Matrix comparisons: Random skewers and selection skewers

A week late and a dollar short, but lets continue comparing matrices. Continuing on with my blatant endorsement of statistical methods attached to my name. . .  Last time I talked about the “Rank”/“Signed Bartlett”/”Modified Mantel” tests for comparing the dimension size and shape of a pair of matrices. This is only one of several […]

Statistical tests for comparing matrices

I have been remiss. Quite a few years ago I found myself in the position of wanting to compare two genetic covariance matrices. At the time it was before the Flury hierarchy had been suggested by Pat Phillips (Phillips & Arnold 1999. Evolution 53: 1506-1515), so I found myself in a position of needing to […]

Individuality, Microbiomes, and organisms

So many things to write about, and so much writing to do. Sorry about missing last week. Somehow writing this week has been more of a chore than a joy. One of the things it has been suggested I write about is the continuing brouhaha over Nowak’s paper (Nowak, et al. 2010. Nature 466: 1057), […]

What is “additive variance” in genetically uniform populations?

I recently got a comment from Michael Bentley at Oxford pointing out that he had a different interpretation of heritability among cells within higher organisms. His comment was: “Please could I just clarify something you say in this piece, as it relates to something I’m working on at the moment. You say: ‘From the perspective […]

More on fitness assignments and individuality

In my last post I briefly mentioned that the level at which fitness is assigned is an interesting problem, but not a conundrum, or a serious conceptual issue. I think it would actually be quite useful to expand on this. The basic ideas came out of discussions I had 20 some odd years ago separately […]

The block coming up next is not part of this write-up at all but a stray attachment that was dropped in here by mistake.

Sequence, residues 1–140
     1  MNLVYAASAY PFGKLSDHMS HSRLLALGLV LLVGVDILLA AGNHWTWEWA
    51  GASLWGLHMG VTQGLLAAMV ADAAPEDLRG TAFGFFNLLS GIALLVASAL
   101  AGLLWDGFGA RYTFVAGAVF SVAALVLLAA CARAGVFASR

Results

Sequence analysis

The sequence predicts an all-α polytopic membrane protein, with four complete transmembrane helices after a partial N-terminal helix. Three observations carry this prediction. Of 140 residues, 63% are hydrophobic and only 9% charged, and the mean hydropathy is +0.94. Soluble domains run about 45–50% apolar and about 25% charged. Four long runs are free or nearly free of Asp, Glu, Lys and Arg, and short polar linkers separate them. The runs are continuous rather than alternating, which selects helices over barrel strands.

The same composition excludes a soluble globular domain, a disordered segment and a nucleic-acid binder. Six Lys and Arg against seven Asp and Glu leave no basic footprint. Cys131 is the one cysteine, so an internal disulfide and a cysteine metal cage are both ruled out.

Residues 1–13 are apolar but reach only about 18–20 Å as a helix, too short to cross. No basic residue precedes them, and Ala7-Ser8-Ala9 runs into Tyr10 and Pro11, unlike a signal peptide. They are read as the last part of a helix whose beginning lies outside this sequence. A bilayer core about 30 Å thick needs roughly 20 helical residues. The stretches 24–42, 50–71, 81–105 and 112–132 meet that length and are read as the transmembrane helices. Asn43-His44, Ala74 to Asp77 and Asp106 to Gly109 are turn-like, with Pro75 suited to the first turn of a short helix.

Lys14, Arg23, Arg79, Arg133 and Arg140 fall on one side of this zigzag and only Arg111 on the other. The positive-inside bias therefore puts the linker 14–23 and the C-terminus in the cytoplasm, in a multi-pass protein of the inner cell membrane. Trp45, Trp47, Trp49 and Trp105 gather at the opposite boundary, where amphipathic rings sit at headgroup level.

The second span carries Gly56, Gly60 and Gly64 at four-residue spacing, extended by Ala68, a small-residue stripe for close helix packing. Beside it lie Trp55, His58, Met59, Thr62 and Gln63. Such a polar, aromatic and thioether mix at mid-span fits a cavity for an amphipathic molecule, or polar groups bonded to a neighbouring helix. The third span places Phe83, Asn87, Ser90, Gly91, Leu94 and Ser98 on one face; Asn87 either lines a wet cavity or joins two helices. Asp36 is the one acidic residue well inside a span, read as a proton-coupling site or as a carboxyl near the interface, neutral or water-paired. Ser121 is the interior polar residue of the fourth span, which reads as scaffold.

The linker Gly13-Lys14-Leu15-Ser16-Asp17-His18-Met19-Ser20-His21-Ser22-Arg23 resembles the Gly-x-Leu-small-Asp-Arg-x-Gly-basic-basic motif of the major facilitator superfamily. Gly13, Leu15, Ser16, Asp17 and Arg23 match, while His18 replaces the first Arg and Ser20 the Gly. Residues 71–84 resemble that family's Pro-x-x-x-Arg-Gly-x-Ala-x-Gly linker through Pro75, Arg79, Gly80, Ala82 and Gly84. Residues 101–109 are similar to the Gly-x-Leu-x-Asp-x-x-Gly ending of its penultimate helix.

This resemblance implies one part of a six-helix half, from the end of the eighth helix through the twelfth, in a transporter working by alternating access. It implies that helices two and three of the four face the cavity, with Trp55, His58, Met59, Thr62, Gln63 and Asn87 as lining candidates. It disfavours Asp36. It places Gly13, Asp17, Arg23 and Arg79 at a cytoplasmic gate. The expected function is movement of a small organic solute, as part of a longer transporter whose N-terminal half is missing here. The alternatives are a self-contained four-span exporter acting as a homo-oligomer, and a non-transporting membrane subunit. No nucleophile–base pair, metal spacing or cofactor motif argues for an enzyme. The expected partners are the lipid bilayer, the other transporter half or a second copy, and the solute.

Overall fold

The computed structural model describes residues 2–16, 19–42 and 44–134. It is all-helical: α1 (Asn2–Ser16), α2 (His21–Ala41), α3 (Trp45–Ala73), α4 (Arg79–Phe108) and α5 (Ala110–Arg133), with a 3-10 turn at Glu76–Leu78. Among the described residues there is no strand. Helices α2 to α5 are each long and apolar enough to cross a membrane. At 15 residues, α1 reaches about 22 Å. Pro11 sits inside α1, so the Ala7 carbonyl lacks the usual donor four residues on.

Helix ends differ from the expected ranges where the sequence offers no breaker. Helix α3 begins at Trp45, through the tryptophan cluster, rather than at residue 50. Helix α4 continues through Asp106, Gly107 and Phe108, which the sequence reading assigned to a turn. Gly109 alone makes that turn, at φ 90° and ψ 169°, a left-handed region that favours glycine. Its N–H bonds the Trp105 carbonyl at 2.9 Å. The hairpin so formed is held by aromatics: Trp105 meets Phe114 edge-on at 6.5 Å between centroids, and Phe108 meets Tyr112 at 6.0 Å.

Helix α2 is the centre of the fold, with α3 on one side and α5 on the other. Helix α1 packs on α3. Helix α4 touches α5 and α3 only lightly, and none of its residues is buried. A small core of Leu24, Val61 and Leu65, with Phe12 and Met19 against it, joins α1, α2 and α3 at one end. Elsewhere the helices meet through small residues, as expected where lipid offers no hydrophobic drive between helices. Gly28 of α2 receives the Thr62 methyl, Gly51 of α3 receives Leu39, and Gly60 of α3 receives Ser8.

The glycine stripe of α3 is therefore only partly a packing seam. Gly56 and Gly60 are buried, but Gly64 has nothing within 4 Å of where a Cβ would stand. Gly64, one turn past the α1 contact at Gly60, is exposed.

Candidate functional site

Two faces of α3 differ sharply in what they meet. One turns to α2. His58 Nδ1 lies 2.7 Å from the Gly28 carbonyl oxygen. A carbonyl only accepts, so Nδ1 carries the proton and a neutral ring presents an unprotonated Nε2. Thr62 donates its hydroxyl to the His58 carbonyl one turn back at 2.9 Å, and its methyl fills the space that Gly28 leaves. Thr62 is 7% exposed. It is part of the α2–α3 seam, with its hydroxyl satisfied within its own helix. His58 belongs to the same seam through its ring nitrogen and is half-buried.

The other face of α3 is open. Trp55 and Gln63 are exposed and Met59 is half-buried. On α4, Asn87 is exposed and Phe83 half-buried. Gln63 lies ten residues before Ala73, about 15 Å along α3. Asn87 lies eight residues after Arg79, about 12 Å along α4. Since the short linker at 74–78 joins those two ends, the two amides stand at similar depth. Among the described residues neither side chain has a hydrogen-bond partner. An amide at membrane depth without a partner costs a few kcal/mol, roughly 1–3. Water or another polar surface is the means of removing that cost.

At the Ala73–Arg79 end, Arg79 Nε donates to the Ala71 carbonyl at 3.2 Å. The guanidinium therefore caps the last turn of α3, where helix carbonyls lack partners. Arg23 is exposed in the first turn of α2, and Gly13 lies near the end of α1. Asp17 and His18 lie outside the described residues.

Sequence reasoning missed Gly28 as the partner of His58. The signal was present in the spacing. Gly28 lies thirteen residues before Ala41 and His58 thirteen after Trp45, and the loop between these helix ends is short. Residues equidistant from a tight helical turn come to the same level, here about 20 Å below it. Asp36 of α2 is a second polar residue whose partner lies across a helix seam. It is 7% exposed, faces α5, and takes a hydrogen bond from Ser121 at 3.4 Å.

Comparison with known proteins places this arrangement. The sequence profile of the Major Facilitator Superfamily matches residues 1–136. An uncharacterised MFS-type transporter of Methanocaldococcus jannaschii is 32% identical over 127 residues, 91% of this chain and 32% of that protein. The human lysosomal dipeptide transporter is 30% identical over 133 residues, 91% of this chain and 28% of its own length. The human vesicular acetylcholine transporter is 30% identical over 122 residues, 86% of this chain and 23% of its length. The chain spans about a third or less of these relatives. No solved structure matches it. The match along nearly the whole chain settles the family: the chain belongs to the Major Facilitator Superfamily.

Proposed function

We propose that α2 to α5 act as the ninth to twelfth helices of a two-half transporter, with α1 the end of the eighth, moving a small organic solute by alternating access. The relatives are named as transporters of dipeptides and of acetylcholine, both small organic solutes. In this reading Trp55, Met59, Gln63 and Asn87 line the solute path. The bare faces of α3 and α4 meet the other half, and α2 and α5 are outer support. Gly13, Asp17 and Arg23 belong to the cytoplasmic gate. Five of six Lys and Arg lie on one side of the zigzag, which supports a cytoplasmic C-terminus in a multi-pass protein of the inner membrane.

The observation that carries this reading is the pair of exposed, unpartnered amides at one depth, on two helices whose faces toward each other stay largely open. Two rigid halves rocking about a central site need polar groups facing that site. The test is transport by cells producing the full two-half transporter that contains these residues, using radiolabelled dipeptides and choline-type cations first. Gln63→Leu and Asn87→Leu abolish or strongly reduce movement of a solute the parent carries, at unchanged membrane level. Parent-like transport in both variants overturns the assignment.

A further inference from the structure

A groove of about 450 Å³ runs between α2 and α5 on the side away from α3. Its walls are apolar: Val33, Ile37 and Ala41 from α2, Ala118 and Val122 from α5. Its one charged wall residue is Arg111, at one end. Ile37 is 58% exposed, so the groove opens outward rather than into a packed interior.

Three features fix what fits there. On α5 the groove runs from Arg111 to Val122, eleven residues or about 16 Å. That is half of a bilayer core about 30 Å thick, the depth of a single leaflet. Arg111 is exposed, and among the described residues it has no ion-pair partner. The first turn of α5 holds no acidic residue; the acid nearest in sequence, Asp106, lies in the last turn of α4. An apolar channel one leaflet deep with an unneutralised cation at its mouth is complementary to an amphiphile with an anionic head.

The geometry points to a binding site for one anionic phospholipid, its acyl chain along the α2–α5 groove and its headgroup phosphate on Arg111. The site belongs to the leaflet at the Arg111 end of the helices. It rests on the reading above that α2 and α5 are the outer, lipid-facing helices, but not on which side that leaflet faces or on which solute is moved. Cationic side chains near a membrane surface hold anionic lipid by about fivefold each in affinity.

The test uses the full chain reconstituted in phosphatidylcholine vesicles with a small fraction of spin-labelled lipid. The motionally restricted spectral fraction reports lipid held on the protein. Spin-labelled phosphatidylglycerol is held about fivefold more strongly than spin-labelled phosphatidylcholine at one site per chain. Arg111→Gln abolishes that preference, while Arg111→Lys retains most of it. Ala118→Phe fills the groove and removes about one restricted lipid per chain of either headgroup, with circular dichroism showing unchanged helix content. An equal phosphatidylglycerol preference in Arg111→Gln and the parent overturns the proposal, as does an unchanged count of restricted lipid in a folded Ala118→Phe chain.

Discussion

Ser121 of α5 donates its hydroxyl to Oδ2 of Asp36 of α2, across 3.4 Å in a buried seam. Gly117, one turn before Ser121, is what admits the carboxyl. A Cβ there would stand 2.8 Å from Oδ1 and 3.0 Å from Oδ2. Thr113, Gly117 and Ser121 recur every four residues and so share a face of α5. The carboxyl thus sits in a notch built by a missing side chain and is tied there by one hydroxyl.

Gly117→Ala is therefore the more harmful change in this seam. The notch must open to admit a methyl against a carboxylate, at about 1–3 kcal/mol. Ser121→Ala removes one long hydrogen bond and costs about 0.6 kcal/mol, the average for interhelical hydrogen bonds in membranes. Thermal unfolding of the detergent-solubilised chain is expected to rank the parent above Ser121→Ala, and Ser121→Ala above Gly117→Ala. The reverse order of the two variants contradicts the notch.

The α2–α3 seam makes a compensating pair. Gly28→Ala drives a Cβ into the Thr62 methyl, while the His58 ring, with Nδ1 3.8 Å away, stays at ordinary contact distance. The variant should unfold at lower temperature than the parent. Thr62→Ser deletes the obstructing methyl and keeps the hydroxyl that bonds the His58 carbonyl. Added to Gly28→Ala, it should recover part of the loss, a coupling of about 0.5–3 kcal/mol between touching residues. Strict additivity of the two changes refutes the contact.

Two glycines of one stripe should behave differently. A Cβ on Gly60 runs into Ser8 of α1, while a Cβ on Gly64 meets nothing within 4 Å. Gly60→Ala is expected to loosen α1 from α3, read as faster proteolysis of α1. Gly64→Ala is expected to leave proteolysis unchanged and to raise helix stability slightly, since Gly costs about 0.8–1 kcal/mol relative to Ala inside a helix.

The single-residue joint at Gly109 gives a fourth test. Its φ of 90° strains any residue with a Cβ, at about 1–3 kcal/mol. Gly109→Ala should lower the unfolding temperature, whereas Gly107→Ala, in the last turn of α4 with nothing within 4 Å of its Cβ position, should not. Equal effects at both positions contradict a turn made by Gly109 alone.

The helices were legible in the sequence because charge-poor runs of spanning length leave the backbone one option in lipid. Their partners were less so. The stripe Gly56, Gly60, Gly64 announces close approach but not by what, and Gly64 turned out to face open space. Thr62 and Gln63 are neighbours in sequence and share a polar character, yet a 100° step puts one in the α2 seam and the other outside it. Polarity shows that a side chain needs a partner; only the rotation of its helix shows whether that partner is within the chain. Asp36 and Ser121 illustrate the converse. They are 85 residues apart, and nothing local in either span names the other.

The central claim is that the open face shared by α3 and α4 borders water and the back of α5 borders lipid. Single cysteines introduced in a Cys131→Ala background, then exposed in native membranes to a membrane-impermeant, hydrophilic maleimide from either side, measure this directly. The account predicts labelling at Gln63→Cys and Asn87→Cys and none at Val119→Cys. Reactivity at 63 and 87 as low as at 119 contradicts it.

Gardner’s theory of multilevel selection 3: the discussion

This week I will finish up with Gardner’s paper (2015 Jour. Ev. Biol doi:10:1111/jeb. 12566) which I have been discussing for the past two weeks. Given the problems with the literature review and the model, it is hardly surprising that this has led to issues with the discussion. I have problems with virtually the entire […]

Gardner’s theory of multilevel selection: Parsing the Model

Continuing our discussion of Gardners paper on “the genetical theory of natural selection” (Gardner 2015 Jour. Evol. Biol. doi: 10.1111/jeb.12566) I want to turn from complaining about his failure to read the literature, and this week start talking about the model itself. He starts the model with a discussion of Fishers fundamental theorem, which I […]

Gardner’s theory of multilevel selection: Where he goes wrong and why

Two things have happened recently. First, Jonathan Pruitt and I (Pruitt and Goodnight 2014 Nature 514:359) have been asked to reply to a goodly number of letters to the editor concerning our paper on multilevel selection in Nature. These letters have made it clear to me that many people have a very basic misunderstanding of […]

A one line proof of Fishers fundamental theorem

Lots of people get bent out of shape about Fisher’s Fundamental theorem, and spend lots of pages talking about it. The problem is that people tend to see the FFT as being magical. Theoreticians promote this because, well, the basic proof is so simple that you need to add some sort of complication to justify […]

Genes, society, sexism and racism

James Watson has been in the news for more than just his efforts to sell some bullion. He has also been in the news for his completely outrageous racist and sexist comments. Two of the more famous ones are the time he told a reporter that he is “inherently gloomy about the prospect of Africa” […]